Farmers for Free Trade, the association that’s railing against President Donald Trump’s tariffs, is ramping up an advertising campaign highlighting the harm that the escalating trade war is having on the U.S. agriculture industry. The new effort involves $800,000 in radio, print, online and television ads on farm programming across the heartland. Iowa, Illinois, Indiana, Kansas, Michigan, Minnesota, Nebraska, Ohio, South Dakota, and Wisconsin will see the first round of ads.The “Tariffs Hurt the Heartland” campaign will also include town hall events in various states. Two radio ads will start airing today and run through September. The ad buy is part of a larger $2.5 million national anti-tariff campaign the group launched in July, shortly after Trump announced a $12 billion aid program to farmers affected by trade retaliation in response to new U.S. tariffs on steel and aluminum as well as trade penalties directed toward China.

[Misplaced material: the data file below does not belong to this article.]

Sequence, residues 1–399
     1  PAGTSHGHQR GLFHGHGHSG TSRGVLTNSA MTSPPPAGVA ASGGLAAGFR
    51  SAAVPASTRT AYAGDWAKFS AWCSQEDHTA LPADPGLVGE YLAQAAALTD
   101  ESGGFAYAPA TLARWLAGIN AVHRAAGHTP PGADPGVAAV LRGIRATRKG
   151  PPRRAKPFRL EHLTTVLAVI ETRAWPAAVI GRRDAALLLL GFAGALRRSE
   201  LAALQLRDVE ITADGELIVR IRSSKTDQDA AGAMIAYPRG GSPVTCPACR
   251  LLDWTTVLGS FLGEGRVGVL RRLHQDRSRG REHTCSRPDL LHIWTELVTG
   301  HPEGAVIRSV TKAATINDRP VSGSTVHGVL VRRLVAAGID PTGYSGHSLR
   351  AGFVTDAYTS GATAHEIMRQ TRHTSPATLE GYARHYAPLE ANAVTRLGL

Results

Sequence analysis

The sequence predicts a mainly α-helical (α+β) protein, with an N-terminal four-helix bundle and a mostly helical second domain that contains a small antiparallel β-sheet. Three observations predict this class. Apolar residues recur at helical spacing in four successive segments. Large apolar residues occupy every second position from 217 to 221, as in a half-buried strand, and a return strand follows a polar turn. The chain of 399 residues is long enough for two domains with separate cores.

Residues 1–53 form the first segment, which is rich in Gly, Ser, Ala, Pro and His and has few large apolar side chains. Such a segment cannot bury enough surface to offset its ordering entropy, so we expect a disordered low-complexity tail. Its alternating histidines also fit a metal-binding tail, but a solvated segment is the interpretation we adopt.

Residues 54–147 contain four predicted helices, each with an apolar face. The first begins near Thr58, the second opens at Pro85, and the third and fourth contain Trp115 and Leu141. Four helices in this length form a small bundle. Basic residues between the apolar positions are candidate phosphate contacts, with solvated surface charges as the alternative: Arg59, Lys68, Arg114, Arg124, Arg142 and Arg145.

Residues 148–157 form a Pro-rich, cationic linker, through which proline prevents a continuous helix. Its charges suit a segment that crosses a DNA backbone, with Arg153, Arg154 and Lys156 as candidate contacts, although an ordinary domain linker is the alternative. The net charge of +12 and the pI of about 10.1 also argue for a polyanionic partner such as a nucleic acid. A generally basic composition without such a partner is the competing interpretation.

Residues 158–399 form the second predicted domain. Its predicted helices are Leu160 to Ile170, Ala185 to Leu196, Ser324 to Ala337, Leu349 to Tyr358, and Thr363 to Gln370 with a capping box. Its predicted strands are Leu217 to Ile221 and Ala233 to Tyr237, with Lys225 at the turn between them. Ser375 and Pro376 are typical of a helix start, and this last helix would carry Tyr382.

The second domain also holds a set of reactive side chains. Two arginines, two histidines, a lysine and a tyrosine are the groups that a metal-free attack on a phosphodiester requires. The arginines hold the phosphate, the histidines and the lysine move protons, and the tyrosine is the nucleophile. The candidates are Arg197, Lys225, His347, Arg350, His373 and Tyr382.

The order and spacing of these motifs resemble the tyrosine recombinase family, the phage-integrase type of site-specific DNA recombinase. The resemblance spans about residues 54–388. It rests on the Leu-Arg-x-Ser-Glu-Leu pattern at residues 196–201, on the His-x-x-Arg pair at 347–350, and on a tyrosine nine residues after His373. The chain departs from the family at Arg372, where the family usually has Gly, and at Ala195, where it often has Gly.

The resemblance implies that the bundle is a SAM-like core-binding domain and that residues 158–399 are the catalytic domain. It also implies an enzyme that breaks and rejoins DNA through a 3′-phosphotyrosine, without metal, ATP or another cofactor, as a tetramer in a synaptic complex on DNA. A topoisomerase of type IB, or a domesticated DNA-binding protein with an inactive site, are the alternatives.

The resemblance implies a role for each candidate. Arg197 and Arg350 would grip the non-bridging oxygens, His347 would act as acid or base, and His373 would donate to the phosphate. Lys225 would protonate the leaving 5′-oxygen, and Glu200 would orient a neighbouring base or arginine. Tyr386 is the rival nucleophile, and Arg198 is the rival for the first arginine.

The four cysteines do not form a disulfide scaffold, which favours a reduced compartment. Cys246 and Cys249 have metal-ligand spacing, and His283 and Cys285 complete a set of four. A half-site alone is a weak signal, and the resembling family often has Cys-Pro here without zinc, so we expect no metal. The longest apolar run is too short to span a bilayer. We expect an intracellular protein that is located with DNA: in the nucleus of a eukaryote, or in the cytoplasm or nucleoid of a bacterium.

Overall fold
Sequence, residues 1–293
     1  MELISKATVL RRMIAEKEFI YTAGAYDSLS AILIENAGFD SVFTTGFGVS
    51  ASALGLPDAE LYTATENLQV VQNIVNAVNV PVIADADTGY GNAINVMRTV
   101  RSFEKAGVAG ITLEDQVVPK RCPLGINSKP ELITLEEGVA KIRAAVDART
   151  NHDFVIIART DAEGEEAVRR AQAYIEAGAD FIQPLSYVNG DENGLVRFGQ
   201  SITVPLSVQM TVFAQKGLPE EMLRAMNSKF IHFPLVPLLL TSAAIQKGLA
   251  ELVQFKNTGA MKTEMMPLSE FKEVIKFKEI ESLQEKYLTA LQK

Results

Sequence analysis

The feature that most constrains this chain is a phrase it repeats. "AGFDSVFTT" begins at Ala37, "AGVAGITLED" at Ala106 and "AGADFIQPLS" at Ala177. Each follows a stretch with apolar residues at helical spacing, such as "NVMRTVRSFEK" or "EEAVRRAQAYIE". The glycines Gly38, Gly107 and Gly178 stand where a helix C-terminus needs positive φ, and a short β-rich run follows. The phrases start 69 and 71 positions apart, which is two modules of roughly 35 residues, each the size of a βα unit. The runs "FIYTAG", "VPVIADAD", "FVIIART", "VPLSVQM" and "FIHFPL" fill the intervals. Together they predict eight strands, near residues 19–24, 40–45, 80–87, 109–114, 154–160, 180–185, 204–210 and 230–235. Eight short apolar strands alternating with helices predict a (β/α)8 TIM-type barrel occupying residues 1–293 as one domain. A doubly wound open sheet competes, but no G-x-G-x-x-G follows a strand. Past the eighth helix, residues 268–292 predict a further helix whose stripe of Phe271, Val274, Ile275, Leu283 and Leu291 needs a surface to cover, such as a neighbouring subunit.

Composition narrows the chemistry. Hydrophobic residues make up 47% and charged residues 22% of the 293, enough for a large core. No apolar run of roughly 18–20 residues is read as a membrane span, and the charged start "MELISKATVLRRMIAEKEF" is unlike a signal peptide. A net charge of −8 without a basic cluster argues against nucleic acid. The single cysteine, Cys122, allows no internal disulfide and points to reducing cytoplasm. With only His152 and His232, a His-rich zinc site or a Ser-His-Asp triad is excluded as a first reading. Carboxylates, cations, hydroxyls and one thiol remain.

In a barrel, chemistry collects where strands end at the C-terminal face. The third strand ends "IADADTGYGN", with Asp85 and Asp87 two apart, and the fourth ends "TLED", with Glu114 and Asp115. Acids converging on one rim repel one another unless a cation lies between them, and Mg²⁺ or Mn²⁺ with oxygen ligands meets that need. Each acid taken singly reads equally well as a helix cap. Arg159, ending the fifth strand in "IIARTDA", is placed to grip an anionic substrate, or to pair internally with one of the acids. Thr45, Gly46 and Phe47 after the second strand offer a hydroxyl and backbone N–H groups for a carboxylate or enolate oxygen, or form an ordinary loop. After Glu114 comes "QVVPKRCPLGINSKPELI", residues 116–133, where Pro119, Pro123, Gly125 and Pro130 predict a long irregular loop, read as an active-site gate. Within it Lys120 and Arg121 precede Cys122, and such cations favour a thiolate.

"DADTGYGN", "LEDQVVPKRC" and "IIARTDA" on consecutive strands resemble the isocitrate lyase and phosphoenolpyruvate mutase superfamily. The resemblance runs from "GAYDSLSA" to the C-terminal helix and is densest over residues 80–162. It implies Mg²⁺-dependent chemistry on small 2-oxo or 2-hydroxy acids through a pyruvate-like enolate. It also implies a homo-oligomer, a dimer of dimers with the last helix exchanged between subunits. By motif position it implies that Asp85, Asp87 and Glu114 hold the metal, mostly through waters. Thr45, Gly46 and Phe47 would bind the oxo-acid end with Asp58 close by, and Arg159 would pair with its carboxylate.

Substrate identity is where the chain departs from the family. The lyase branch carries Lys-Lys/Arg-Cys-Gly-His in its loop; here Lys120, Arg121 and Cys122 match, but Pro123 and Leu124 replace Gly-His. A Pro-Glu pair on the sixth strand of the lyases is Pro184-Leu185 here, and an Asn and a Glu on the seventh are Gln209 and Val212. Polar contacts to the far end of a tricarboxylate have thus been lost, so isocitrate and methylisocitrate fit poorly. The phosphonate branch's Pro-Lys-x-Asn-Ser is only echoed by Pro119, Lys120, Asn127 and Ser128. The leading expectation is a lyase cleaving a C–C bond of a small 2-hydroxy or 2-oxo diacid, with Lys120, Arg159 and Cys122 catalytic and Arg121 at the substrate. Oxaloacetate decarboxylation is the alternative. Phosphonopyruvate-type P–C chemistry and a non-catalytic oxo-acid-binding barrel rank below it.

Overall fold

It’s “Rent The Chicken,” not “Rent-A-Chicken.” Local entrepreneurs Phil and Jenn Tompkins stress the distinction because their South Buffalo Township-based business, Rent The Chicken, in their assessment, is on top of the pecking order of live chicken rental businesses, which includes Michigan-based competitor Rent-A-Chicken.Rent The Chicken continues to add customers after the Tompkins hatched the business five years ago for supplemental income promoting a shared value of the couple: Homesteading — producing yard-to-the-table fresh food.The success of the business illustrates the popularity of backyard hen houses, especially in urban areas. Nearly 4 percent of households surveyed in four major American cities planned to have chickens in the coming years, telltale of the growing acceptance of urban farming, according to a 2013 study by the U.S. Department of Agriculture.